My best experience is perhaps with reading Emily Dickinson’s poetry; I’ve never particularly enjoyed it, but with a very short selection every day, there’s no harm in focusing on what you do get. And while I haven’t suddenly been converted, I’ve enjoyed it more than I expected.

There’s quite a good range of books available on the app, too. One of my next up is On the Origin of Species, because it’s really high time I read that. But there’s also Sherlock Holmes stories, Gothic novels, American classics, H.G. Wells…

I’m not so sure about paying the (admittedly small) onetime fee to get access to the ‘read later’ and ‘read ahead’ features — after all, most if not all of these books are public domain, and you can get them free and read ahead as much as you like — but they’re not really essential to the basic idea, which I plan to stick with. I just keep my list of books to try later in my BulletJournal!

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Review – Illumicrate Box #2

Posted February 17, 2016 by Nicky in Reviews / 4 Comments

Illumicrate is a newish book box subscription service, mailing out four times a year, priced at £30 per box. The second box arrived Monday morning, a couple of days after shipping, and as with the first box, it looks great and is packaged really well. Before we go on, of course, I must warn that there are spoilers below for the contents of the box!

I’m really pleased with this box, as I’ve been doubtful about book subscription services, but both Illumicrate boxes have contained some stuff I love. It’s never going to be 100% for anyone, I think, but I do enjoy the stuff and I’d be quite happy to buy other things from the various suppliers. This quarter’s box contains:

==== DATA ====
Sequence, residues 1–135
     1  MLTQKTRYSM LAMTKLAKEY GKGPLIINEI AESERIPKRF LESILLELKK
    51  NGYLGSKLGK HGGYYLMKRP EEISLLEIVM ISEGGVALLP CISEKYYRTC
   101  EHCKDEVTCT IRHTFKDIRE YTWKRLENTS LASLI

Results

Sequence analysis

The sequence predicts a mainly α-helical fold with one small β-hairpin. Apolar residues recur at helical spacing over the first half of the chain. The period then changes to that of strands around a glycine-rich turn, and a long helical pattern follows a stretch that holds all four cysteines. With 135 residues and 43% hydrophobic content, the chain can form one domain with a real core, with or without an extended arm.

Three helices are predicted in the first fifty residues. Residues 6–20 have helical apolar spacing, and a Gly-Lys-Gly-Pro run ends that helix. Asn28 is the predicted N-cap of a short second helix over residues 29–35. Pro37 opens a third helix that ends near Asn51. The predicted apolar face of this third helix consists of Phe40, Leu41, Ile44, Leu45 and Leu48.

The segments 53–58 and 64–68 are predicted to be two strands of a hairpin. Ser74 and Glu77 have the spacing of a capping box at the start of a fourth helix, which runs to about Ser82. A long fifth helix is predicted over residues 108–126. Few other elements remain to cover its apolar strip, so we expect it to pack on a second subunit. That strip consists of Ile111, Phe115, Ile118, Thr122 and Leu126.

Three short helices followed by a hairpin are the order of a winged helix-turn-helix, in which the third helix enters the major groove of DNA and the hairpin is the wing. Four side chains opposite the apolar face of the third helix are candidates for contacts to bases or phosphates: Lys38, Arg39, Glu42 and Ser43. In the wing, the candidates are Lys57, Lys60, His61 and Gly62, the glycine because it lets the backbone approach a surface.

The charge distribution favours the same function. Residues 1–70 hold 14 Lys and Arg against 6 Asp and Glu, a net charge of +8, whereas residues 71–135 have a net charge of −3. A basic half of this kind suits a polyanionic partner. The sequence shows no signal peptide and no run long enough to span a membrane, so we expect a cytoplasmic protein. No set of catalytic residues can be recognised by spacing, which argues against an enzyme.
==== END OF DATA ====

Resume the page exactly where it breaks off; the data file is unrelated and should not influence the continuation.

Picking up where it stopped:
• Truthwitch, by Susan Dennard. I’ve heard so much about this book! Looking forward to reading it.
  • “Threadsisters” bookmark via Daydreaming Designs. What better than a matching bookmark? 
  • Bookcase pouch from Elena IllustrationCute! And just perfect for my markers.
  • Magnetic bookmarks from BeeDooThese are cute too, and bookmarks are always gonna go down great with bookworms.
  • “A Darker Scent of Magic” Grey London candle from Simple Candle CoI don’t know if everyone got the same A Darker Shade of Magic themed candles, but this is neat and I like the scent.
  • Bookish quote pencils from Pobble and PingOne of mine says “I’d rather be reading”. Yep!
  • Other small bits including The Dark Days Club badges, a tote bag, bookmarks…

Photo of the second Illumicrate box, including the book Truthwitch and some extra goodies

I’d say this one is definitely worth the subscription price, and I’m looking forward to the next box already!

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Review – Illumicrate Box #1

Posted November 26, 2015 by Nicky in Reviews / 0 Comments

Illumicrate is a new book box subscription service, mailing out four times a year, priced at £30 per box. The plan is for it to contain new releases, mostly young adult, and the first box went out in early November. It’s always really exciting to get mail, to me anyway, and especially when it’s a surprise. I haven’t signed up to a book subscription service before, though I’ve been tempted; I’m always a little unsure about whether the book is actually going to be something I’m interested in.